Making IT Architecture Merger Friendly

Charlene OHanlon
In the business space, increased merger and acquisition activity is a sure sign that the economy is improving. And the latest data from the IntraLinks Deal Flow Indicator points to a healthy upswing.

The company, which creates virtual datarooms for enterprises and so tracks M&A activity on a quarterly basis, reports a 12 percent increase in global deal activity for the fourth quarter of 2009 over the previous quarter-the third consecutive quarter of double-digit growth. That's a sure sign that things are improving, in all areas.

'The fourth-quarter increase was witnessed across all major regions and industries, including double-digit increases in the number of telecom and media transactions,' said J. Andrew Damico, president and CEO of IntraLinks in a press release. 'Although deal activity was still lower in 2009 than in 2008, the growth tracked by our Deal Flow Indicator signifies a positive shift.'

That's good news for companies looking to expand through acquisition, whether through buying or selling. Either way, CTOs in particular should take note of the increase in M&A activity. As the economy improves, so does the opportunity for your company to acquire or be acquired. But an M&A-unfriendly infrastructure could make your company less attractive to potential suitors, or worst-case kill a deal altogether.

When it comes to a corporate network, CTOs should heed the adage that a cluttered space is the sign of a cluttered mind. Infrastructures that are siloed, pieced together without rhyme or reason or otherwise cludgy don't reflect well on the company. After all, who wants to inherit an infrastructure that's not well-planned and executed but instead looks like a rat's nest and probably performs at a fraction of its ability? And who's to say that once the morass is untangled or unsiloed that the infrastructure can be integrated with the other company's network?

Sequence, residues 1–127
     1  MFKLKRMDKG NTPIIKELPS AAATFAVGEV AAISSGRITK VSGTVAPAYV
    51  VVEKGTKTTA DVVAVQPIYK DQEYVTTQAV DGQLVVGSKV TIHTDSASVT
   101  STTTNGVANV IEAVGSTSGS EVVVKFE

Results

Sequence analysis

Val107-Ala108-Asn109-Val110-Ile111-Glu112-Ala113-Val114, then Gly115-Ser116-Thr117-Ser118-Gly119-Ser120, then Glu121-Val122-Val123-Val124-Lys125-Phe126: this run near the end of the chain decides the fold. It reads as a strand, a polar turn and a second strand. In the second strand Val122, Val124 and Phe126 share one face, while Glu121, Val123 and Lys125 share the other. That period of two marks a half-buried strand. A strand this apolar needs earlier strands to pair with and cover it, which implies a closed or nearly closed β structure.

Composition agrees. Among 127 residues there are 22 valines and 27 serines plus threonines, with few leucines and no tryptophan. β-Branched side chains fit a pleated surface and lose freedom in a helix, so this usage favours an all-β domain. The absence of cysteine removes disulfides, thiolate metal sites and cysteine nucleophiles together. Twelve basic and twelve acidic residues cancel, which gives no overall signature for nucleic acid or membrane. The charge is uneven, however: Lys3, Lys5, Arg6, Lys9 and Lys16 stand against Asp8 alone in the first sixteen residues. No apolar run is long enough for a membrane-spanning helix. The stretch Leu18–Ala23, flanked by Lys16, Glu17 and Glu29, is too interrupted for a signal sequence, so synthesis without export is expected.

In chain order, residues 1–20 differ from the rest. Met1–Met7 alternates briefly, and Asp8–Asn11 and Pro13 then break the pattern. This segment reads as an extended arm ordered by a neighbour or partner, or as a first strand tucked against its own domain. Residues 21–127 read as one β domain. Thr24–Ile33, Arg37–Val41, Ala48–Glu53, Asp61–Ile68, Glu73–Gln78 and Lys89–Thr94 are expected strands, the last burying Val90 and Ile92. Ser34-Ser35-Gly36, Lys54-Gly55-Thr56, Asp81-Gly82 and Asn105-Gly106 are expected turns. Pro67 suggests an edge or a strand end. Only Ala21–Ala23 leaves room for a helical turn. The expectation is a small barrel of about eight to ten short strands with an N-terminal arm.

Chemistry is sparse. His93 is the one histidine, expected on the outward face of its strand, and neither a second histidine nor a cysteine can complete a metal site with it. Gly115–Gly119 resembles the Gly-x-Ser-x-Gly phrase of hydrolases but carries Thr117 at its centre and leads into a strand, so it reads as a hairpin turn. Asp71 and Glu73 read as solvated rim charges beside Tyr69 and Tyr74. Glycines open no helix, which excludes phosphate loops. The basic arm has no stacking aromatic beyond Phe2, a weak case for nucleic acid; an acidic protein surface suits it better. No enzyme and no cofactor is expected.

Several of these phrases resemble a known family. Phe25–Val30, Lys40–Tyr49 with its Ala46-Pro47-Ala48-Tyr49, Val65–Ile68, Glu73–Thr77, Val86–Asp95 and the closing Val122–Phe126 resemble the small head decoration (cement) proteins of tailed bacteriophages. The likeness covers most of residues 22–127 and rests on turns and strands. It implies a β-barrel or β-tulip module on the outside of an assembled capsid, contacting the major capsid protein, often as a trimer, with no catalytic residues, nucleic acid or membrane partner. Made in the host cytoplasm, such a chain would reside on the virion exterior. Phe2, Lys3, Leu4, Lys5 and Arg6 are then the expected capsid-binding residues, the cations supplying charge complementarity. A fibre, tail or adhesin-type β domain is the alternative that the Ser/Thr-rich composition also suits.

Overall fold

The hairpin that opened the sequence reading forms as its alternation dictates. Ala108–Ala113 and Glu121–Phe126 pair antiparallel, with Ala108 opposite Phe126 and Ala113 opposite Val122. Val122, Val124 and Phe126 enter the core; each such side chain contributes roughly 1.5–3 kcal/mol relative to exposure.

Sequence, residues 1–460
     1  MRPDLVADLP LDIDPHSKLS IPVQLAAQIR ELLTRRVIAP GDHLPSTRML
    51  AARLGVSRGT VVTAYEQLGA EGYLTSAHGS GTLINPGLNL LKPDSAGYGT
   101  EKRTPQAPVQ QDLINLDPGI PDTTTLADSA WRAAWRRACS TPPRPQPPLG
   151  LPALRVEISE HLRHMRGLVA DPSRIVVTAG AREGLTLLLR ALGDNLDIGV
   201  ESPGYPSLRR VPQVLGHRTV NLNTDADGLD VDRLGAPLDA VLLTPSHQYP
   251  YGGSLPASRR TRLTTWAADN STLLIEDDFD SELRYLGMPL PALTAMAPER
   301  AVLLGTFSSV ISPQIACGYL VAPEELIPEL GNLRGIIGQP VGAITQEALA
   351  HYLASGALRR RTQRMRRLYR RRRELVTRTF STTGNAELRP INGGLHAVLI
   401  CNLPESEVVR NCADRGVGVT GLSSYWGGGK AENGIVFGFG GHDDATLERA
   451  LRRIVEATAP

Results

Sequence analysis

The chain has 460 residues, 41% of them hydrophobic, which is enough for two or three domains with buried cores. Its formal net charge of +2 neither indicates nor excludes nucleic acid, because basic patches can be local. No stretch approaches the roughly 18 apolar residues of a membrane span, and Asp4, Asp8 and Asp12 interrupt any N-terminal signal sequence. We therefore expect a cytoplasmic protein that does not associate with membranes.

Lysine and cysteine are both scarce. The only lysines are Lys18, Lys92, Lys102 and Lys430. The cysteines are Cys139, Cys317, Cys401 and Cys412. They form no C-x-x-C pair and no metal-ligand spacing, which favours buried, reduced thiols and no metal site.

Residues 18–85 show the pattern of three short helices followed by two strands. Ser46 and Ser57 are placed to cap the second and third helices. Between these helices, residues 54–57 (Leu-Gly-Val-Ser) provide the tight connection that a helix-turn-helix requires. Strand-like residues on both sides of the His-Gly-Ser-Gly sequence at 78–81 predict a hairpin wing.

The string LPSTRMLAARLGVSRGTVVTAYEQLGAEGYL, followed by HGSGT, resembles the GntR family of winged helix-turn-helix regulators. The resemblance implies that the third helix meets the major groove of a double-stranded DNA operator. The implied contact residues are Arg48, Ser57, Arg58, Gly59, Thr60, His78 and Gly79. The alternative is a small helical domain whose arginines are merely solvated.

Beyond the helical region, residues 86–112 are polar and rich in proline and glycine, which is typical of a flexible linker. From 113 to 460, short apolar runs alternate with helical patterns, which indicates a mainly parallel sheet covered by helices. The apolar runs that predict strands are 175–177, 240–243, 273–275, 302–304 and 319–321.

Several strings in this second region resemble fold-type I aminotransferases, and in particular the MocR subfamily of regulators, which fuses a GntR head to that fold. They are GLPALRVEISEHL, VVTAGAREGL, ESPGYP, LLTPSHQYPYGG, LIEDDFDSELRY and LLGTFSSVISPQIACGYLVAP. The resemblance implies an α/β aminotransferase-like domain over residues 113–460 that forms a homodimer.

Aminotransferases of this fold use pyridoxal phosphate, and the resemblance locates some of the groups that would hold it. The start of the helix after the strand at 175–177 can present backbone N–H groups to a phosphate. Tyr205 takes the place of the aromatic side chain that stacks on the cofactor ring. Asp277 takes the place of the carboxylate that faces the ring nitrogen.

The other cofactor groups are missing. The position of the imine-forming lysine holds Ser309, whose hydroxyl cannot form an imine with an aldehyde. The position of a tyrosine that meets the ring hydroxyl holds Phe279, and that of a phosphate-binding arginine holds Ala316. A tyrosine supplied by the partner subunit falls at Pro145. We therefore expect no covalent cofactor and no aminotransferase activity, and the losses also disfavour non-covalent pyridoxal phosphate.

CTOs should make it a priority in 2010 to get their company's infrastructure in order. That includes mapping out the network end-to-end, inventorying the hardware and software and determining the lifecyle of every piece of the network, from servers and routers to software licenses. Perform as much application integration as is possible, and find ways to further the infrastructure without preventing further siloing.

In short, unclutter the infrastructure. Keep it simple yet effective. Make it a point of strength for your company. That, as much as anything, could be the feature that clinches the sale.



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